Image credit: Warner Bros.

Fans of the Veronica Mars detective series at one point were elated that the Kickstarter project for a movie that concluded the series was fully funded back in mid-2013. Fast forward to now, and backers are demanding for refunds from Warner Bros., which the film studio will give.

Why? Apparently they’re not getting what they were promised after funding the film, according to Wired — a free digital copy of the film. As per the terms, if a fan donated US$35 or more, they were promised a copy of the film on March 14, which was the release date. About 50,000 people backed enough to get that copy. However, they have to register for region-locked streaming sites Flixster and UltraViolet, which require an additional app to watch the film. You can thank Warner Bros. for making that decision.

Furthermore, the copy of the film is restricted to a standard definition in a world where 720p is the minimum requirement for a crystal-clear video-watching experience. To be fair, the Flixster deal was made apparent on the Kickstarter page F.A.Q. Despite this, many fans of Veronica Mars made their voices heard on Twitter.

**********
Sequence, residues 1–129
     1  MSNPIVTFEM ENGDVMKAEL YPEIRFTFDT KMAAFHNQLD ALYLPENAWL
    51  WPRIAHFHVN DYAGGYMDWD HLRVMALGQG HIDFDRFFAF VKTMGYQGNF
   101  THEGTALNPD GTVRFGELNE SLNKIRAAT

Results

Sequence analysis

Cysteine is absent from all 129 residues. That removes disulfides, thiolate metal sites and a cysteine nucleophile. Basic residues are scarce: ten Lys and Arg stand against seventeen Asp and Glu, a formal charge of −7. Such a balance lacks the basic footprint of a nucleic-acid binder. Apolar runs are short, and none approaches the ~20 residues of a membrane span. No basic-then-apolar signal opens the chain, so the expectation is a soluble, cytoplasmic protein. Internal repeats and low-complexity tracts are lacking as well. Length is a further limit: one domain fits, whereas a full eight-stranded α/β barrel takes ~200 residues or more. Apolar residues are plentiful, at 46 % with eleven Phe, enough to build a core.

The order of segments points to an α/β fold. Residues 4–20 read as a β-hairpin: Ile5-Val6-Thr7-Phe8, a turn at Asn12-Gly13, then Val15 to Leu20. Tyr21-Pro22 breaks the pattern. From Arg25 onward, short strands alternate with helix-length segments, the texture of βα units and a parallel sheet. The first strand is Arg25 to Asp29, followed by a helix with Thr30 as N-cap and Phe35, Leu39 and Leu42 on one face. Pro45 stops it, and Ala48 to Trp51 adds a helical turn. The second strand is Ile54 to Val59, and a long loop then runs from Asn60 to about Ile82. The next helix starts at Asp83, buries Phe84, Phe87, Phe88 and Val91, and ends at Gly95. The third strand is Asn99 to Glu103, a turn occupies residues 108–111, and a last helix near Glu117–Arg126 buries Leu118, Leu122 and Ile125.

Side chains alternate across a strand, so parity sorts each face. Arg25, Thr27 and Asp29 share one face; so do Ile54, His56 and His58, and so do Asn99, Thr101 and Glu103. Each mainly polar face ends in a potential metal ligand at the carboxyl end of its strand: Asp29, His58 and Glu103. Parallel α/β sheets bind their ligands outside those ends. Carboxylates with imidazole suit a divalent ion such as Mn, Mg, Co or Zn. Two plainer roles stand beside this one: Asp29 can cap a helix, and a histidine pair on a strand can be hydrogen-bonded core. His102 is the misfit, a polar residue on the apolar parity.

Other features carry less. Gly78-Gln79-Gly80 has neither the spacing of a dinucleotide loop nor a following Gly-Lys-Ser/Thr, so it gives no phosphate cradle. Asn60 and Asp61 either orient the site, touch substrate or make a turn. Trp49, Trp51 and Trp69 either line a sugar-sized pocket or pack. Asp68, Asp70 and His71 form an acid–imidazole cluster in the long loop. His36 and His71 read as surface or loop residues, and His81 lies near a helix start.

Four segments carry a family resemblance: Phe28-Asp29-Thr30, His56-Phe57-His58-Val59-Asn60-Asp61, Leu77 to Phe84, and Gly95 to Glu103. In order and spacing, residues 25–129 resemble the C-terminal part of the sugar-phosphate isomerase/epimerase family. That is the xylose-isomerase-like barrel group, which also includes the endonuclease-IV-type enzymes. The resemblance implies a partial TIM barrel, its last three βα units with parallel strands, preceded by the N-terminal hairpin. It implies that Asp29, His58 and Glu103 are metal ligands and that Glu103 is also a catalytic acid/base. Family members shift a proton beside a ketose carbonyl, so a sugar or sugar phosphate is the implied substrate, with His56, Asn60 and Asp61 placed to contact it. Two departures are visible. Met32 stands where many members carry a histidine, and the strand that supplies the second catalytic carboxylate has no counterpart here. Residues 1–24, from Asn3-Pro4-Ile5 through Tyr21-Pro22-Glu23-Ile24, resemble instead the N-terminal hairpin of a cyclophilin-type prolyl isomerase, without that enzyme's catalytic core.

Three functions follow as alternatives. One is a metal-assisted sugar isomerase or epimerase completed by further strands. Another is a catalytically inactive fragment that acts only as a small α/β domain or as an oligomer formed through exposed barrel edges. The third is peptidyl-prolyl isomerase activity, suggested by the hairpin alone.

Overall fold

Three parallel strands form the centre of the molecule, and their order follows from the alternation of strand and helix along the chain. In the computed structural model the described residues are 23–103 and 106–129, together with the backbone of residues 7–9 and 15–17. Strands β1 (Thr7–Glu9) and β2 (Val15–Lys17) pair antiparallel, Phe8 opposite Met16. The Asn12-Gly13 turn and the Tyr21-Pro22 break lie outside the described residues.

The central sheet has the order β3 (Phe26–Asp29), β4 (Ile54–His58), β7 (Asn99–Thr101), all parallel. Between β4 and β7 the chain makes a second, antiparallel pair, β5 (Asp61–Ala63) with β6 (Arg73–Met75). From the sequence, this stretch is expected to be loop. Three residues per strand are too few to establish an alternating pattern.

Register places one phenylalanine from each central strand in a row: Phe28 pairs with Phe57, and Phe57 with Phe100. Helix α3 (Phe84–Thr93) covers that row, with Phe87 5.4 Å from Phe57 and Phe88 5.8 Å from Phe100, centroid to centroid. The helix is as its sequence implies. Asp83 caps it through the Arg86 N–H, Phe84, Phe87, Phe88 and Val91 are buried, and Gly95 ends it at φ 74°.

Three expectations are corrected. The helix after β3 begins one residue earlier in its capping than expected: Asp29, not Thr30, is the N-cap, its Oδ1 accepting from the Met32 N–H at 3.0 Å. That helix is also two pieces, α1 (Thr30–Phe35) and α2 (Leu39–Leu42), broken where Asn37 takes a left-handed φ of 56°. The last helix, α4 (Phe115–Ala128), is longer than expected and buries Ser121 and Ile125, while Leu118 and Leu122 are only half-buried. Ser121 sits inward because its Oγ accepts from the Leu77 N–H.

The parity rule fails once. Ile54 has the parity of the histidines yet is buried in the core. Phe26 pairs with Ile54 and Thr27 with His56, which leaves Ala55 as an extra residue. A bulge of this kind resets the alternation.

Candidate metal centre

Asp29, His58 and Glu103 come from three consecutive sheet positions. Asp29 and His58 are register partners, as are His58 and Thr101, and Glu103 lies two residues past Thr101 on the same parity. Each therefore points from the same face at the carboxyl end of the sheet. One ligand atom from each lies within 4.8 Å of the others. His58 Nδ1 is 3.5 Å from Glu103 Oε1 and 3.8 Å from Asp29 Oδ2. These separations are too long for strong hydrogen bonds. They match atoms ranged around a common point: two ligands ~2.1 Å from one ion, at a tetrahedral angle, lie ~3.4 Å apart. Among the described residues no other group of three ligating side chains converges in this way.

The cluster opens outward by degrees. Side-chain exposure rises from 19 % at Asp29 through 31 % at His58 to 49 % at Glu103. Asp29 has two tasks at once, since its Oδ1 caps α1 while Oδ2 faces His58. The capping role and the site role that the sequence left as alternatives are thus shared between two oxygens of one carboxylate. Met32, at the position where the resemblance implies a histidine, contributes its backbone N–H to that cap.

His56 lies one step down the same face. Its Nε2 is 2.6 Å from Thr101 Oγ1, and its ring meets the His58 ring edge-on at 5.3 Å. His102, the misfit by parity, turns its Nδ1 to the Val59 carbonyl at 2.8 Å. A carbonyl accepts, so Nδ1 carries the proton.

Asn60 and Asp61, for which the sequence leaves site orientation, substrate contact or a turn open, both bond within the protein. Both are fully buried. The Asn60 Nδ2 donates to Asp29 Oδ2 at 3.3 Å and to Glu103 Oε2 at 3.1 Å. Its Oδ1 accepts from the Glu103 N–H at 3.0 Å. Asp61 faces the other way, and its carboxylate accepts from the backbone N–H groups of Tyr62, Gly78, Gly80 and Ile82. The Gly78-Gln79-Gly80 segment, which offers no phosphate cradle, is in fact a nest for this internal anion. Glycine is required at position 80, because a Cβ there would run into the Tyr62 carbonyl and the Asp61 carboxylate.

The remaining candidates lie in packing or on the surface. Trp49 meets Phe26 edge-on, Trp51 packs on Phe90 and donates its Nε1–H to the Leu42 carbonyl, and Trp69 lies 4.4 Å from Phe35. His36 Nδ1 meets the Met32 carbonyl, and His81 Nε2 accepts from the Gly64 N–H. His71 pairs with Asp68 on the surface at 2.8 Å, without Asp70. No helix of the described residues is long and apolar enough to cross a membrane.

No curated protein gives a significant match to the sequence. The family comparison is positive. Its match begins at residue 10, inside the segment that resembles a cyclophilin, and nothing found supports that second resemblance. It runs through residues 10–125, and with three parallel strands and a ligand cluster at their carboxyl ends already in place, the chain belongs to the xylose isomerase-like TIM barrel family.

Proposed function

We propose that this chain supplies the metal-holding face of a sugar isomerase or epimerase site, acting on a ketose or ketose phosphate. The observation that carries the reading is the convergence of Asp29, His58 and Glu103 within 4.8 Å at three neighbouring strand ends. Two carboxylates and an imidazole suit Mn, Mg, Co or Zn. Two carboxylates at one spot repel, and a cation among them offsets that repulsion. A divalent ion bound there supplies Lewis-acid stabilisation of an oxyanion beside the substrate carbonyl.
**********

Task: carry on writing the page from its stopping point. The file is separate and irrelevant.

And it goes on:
Director Rob Thomas placed a note on the Kickstarter page and said that, “If you paid for a copy of the movie a year ago, we don’t want you to have less choice and freedom than people who decide to buy it today. And we definitely don’t want you to end up paying twice just to see the movie on your preferred service.”

A Warner Bros. spokeperson said on L.A. Times that the refunds were done as part of the studio’s work “to ensure that all the Veronica Mars backers have a great experience”. The company will also compensate fans who talked to customer support after acquiring the film through other means, legal or otherwise.

This is a clear-cut case of communication failure and damage control from that error. Though what has transpired may blow over soon, the film had a very positive rating aggregate on Rotten Tomatoes and grossed over US$1,988,351 in just 291 theaters during the weekend. Not too shabby for a community-driven effort.